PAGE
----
Born in Norristown, Pa., Maria Bello planned on becoming a lawyer -- until she took an acting class during college and fell in love with the craft. After appearing in several off-Broadway plays, she played guest roles on several TV series (including The Commish, Nowhere Man, and Misery Loves Company), and regular roles on ER and Prime Suspect. She has also starred in The Mummy: Tomb of the Dragon Emperor, The Jane Austen Book Club, Coyote Ugly, A History of Violence, Beautiful Boy, Abduction,Grown Ups, and Grown Ups 2. She sat down with WebMD Magazine to talk about her acting career, her work on social justice and women's rights issues, her life as a mom, and what she thinks is the best part of her life (her answer may surprise you!).
By Marguerite Lamb
Baffled by all those initials after doctors' names? Tired of
getting the referral runaround? We'll help clear up the confusion so you can
find the best treatment for your symptoms.
In today's medical marketplace, you're not a patient—you're a
"health-care consumer." That's good news and bad. It means you have
more autonomy and choice than ever—but it also means the ball is in your court
when it comes to figuring out whom to trust with your health. Should...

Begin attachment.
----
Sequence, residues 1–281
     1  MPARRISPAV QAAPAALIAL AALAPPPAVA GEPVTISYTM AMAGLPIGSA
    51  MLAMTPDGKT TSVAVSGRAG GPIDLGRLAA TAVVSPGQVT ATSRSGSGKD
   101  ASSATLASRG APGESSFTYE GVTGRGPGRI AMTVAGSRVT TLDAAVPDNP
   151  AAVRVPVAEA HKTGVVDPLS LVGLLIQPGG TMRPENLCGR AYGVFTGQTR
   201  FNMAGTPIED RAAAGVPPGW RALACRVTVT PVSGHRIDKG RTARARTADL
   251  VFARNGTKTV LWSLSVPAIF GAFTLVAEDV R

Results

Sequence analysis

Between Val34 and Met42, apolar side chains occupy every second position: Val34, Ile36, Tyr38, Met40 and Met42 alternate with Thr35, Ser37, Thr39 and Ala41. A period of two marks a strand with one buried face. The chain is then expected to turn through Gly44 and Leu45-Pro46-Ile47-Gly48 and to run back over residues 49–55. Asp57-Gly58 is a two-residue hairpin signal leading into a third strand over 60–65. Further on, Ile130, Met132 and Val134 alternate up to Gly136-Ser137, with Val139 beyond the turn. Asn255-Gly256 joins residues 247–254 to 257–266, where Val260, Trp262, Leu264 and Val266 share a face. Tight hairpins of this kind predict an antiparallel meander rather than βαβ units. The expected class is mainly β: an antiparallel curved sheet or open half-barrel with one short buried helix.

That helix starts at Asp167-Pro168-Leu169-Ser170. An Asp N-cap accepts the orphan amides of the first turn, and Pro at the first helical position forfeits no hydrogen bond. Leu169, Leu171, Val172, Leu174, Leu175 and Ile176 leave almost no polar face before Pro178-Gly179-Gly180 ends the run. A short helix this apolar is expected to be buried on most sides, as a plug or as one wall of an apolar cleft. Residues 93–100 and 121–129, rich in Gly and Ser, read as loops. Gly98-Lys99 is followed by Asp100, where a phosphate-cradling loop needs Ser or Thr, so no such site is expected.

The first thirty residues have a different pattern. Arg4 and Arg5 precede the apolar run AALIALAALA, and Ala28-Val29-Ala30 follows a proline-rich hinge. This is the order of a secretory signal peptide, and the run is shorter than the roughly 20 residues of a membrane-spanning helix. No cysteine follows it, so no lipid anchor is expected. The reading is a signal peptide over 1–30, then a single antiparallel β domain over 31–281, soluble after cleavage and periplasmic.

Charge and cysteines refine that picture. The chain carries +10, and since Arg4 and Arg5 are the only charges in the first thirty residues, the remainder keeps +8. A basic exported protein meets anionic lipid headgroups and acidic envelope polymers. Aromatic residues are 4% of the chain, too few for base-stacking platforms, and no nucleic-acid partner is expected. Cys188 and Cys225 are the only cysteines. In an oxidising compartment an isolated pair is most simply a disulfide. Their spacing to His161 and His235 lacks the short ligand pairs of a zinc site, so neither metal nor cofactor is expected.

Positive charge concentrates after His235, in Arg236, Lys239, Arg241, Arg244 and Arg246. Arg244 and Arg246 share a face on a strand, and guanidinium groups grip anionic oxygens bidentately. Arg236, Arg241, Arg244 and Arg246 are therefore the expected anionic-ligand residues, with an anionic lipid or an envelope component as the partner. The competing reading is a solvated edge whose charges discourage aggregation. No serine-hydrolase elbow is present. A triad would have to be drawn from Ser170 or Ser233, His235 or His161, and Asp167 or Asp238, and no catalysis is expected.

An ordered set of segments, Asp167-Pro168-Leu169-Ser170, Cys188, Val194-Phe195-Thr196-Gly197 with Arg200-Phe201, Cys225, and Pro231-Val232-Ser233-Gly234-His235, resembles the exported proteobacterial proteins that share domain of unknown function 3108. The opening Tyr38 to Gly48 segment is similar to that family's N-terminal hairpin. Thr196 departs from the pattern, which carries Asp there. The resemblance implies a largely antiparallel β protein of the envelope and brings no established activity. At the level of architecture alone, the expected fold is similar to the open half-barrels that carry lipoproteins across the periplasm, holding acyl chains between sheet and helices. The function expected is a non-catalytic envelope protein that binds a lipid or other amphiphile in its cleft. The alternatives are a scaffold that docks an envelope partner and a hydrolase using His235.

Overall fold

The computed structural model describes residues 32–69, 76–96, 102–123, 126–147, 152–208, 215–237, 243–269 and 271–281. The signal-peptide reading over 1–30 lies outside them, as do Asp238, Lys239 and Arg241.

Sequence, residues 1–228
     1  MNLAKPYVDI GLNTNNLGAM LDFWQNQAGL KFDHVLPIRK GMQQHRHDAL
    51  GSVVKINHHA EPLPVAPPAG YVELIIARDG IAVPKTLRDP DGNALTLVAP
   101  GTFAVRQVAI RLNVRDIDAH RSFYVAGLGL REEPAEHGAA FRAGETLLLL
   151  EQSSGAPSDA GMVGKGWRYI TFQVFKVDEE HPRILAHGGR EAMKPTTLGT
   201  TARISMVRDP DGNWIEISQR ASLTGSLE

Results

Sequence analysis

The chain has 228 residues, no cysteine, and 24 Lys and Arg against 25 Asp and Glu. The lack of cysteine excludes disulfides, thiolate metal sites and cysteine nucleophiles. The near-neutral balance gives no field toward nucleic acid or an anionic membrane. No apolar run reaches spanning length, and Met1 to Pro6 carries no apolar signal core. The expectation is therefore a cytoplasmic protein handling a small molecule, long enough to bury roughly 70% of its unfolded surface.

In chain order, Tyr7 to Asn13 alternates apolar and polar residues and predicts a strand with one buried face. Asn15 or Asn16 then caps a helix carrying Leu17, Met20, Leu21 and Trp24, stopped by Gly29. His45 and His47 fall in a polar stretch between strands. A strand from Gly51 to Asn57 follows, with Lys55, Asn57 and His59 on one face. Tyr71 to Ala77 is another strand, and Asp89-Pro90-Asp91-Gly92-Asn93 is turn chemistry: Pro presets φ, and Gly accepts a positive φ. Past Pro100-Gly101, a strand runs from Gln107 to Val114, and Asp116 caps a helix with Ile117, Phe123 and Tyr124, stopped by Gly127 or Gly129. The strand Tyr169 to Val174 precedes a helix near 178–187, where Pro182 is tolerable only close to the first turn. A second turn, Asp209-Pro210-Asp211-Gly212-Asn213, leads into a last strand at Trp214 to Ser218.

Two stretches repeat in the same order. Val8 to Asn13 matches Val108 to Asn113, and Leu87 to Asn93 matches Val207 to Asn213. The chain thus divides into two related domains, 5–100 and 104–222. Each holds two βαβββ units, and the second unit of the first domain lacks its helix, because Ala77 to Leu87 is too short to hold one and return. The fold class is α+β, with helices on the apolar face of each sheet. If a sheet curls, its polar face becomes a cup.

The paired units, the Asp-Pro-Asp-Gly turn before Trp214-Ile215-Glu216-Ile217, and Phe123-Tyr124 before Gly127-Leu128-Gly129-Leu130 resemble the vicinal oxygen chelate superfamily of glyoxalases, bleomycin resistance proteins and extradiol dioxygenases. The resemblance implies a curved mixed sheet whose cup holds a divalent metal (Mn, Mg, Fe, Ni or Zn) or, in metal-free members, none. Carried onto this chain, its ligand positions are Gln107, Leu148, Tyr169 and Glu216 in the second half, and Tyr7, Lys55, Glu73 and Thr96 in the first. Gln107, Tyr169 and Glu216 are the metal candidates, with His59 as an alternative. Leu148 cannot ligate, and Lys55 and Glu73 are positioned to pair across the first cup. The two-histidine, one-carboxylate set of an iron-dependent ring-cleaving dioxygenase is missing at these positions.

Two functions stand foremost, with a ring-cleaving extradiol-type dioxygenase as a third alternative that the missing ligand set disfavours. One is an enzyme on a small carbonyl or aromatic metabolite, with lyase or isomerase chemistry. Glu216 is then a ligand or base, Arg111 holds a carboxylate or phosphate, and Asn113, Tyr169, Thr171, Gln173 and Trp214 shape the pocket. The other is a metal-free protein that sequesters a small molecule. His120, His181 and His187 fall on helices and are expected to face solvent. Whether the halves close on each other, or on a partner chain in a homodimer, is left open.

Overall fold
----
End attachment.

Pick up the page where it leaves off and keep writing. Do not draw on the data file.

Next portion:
I'm so lucky because my career has been such an adventure -- Third Person was filmed in Rome. I find joy in art, acting and writing, telling stories, and especially in working with women, which I've done since I was 18. I've been so fortunate to marry all those things, plus I'm busy carpooling my 12-year-old son, Jackson Blue McDermott.
2. After Haiti's 2010 earthquake, you co-founded We Advance, a community-based empowerment movement dedicated to advancing women's health, safety, and well-being. What was your motivation?
I've always championed social justice and women's rights, and in Haiti and elsewhere, I believe women should have full political, economic, and social participation. Now I'm constantly working on new projects, raising money, and speaking about international women's issues.
3. What health messages do you share with Haitian women?
It's all about education, education, education. So we also started We Advance University, an online educational web site with short videos and networking opportunities so women can access resources and services from local organizations.
4. Before the acting bug bit you and you planned to be a lawyer, you majored in peace and justice education at Villanova University. How have those courses helped your career and your causes?
Politics and diplomacy are not in my repertoire. Still, my education has served me well, especially in international women's rights as I meet remarkable women from so many places who share their hopes, lives, and dreams with me.
5. What is your best health habit? Your worst?
My best is that I see a nutritionist and I've used a line of vitamins and supplements for 14 years now -- every single day. If I miss, I can feel a difference. My worst habit is smoking -- I do think about quitting, maybe one day.
6. Has a health condition ever altered your daily living?
Three years ago on New Year's Day, I broke my coccyx -- my tailbone -- snowboarding in Sun Valley. I was towed down the mountain on a little sled. For 6 weeks, it was hard to sit or stand up without hurting.